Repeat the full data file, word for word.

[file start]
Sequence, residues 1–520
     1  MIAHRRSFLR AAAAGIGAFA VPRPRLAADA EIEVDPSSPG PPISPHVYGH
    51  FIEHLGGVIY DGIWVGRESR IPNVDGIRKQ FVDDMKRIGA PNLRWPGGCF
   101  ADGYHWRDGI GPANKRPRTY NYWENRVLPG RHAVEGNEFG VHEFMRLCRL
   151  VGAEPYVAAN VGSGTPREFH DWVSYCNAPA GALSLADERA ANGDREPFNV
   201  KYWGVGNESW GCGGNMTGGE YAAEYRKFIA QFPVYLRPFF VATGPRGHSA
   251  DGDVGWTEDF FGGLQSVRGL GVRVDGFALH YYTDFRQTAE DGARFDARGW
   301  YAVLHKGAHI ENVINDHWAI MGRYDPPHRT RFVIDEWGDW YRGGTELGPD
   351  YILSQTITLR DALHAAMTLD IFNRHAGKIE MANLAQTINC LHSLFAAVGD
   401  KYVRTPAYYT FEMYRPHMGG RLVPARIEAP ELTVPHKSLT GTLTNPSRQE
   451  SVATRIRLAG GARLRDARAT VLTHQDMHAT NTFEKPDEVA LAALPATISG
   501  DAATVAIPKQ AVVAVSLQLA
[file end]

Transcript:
Sequence, residues 1–520
     1  MIAHRRSFLR AAAAGIGAFA VPRPRLAADA EIEVDPSSPG PPISPHVYGH
    51  FIEHLGGVIY DGIWVGRESR IPNVDGIRKQ FVDDMKRIGA PNLRWPGGCF
   101  ADGYHWRDGI GPANKRPRTY NYWENRVLPG RHAVEGNEFG VHEFMRLCRL
   151  VGAEPYVAAN VGSGTPREFH DWVSYCNAPA GALSLADERA ANGDREPFNV
   201  KYWGVGNESW GCGGNMTGGE YAAEYRKFIA QFPVYLRPFF VATGPRGHSA
   251  DGDVGWTEDF FGGLQSVRGL GVRVDGFALH YYTDFRQTAE DGARFDARGW
   301  YAVLHKGAHI ENVINDHWAI MGRYDPPHRT RFVIDEWGDW YRGGTELGPD
   351  YILSQTITLR DALHAAMTLD IFNRHAGKIE MANLAQTINC LHSLFAAVGD
   401  KYVRTPAYYT FEMYRPHMGG RLVPARIEAP ELTVPHKSLT GTLTNPSRQE
   451  SVATRIRLAG GARLRDARAT VLTHQDMHAT NTFEKPDEVA LAALPATISG
   501  DAATVAIPKQ AVVAVSLQLA